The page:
But board chairman Evans argues that teachers are doing some of the most important work that exists in the county. And if they aren’t paid enough, the district could get some bad apples in the classroom.
“If council and the community are really serious about economic development and constantly say education is a huge part of that … then we need to be able to say we are putting the best possible teachers in front of our students,” he said.
What is the Beaufort County School District proposing?
A locality supplement that all staff members, including teachers, would receive solely because they work in the county with the state’s highest cost of living. The supplement would not be tied to the individual’s performance and is independent of the state-mandated step increases in teacher pay.
Who will get the supplement?
All staff members will get the supplement, according to the school district’s budget. That includes teachers, administrators and classified staff such as secretaries, bookkeepers, etc. Some school board members said that staff members earning above a certain amount should not receive the supplement, but the board ultimately voted to give it to all staff.
How will it be phased in?
The district plans to phase in the supplement over five years, starting with $1,000 in the first year. Another $1,000 will be added each year for four years until all staff members receive $5,000 every year. In coming weeks, Beaufort County Council is expected to approve the district’s budget for the fiscal year that begins July 1. That means staff members will get an extra $1,000 during the upcoming school year.
How much will this cost?
In the first year, the supplement will cost the district about $3 million and will not result in a tax increase on county residents. Every year, the cost of providing the supplement will increase by roughly $3 million until taxpayers are paying nearly $15 million extra annually. It remains to be seen if the supplements will result in tax increases in future years.
Will it be part of the salary?
No. The supplement will be a bonus and will not be added to or counted as part of an employee’s base salary. This means that staff members’ insurance and retirement will not be affected by the supplement. Keeping it out of the salary also gives the district more flexibility. It can be put on hold or removed more easily should future funding not be available.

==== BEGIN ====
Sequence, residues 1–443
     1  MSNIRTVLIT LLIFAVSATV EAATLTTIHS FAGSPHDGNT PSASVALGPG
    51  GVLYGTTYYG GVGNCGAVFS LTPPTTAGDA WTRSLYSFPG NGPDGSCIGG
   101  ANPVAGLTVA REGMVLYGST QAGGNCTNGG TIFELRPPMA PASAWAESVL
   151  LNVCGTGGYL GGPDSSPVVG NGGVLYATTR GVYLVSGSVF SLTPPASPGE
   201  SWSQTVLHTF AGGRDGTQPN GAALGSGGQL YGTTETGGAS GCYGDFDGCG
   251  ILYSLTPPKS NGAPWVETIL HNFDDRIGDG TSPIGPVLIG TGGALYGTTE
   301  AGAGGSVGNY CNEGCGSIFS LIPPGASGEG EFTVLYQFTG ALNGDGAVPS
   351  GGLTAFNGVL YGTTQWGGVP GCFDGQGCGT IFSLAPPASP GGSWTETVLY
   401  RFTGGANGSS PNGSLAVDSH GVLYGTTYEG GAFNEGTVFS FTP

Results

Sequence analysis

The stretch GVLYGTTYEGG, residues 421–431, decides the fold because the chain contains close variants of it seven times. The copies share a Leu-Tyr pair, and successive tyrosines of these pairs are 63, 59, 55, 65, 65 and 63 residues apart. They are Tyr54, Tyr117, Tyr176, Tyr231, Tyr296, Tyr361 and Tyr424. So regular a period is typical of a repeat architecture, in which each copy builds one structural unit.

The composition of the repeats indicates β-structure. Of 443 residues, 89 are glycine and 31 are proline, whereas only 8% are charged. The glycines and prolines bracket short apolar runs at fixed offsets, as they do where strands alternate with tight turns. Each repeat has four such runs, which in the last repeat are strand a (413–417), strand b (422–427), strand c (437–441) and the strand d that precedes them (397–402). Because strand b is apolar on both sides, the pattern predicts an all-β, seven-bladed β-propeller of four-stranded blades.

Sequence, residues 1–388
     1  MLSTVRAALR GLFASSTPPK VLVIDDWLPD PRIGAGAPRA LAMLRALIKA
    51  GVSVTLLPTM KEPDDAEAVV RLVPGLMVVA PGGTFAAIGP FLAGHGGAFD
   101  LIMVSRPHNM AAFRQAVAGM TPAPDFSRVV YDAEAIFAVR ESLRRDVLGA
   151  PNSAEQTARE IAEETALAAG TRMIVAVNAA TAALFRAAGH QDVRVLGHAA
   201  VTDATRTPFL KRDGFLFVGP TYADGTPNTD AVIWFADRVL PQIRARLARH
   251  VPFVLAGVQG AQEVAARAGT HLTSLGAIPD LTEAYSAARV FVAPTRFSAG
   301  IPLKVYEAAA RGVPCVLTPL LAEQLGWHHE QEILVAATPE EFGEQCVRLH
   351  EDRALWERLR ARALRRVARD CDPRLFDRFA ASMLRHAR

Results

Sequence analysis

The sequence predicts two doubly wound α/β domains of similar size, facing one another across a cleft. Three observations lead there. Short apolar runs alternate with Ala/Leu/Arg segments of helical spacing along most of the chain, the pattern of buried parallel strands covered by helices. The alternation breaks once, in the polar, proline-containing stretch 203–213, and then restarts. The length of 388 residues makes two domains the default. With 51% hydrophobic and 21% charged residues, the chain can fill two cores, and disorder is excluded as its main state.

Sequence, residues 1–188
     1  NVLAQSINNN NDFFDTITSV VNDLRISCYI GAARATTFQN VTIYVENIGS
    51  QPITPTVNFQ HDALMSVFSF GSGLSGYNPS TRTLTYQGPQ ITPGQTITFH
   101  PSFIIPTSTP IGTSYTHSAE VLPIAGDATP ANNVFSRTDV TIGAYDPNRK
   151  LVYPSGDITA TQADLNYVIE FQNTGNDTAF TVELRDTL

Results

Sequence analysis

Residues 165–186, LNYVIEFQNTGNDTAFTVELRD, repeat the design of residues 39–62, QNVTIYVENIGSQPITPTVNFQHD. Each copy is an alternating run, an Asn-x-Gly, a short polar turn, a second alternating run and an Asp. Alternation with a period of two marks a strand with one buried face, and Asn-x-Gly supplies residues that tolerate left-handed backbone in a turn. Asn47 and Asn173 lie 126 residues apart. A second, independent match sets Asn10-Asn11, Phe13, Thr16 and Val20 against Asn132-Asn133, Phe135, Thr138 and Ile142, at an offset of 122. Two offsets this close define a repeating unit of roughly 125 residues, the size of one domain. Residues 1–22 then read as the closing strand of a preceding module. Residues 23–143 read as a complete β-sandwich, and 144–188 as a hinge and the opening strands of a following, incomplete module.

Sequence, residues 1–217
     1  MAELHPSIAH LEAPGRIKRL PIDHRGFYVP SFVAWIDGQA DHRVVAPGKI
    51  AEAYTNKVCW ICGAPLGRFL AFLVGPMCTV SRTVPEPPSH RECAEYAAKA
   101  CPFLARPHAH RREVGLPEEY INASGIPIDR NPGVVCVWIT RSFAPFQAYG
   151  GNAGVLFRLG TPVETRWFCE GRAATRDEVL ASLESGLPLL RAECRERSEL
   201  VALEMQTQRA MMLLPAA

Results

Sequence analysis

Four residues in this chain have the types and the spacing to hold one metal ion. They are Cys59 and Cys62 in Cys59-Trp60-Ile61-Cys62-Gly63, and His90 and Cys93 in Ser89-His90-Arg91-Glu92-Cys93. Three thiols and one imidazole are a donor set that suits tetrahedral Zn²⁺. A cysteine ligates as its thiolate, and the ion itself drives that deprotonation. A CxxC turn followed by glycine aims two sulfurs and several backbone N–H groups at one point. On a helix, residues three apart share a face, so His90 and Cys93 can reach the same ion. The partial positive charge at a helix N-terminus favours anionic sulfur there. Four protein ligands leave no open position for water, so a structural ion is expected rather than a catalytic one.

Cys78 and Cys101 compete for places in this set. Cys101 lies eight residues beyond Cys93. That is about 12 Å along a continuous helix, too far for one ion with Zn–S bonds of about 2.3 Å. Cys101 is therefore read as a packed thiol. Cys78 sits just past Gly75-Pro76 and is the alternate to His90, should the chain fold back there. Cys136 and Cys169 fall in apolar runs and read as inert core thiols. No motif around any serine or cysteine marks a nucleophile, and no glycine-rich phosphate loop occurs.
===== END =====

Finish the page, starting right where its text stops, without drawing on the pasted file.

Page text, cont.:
How did the district arrive at this number?
The district considered creating a locality supplement that was a percentage of an employee’s salary, but felt that the new teachers who earn the least — and need financial help the most — would get the least amount. And so the district chose to implement a flat rate supplement. Superintendent Jeff Moss determined that an apartment in Beaufort County costs about $400 more than a similar apartment elsewhere in the state. After multiplying that amount by 12, for each month, Moss rounded up to $5,000, to account for some other costs such as utilities and groceries.
Do pay supplements improve student performance?
While there is little evidence that shows higher teacher salaries are directly linked to improved student performance, a project in New York — funded by the Bill and Melinda Gates Foundation — shows that test scores were higher at a school where teachers were paid more than $100,000. And in South Carolina, the districts with higher salaries have lower turnover rates. But it’s unclear if higher salaries cause lower turnover rates. Also, the Consortium for Policy Research in Education, a group at the University of Wisconsin-Madison, argues that higher teacher pay is a key part of enhancing teacher quality, alleviating teacher shortages and redressing the unequal distribution of effective teachers.
By Sarah Bowman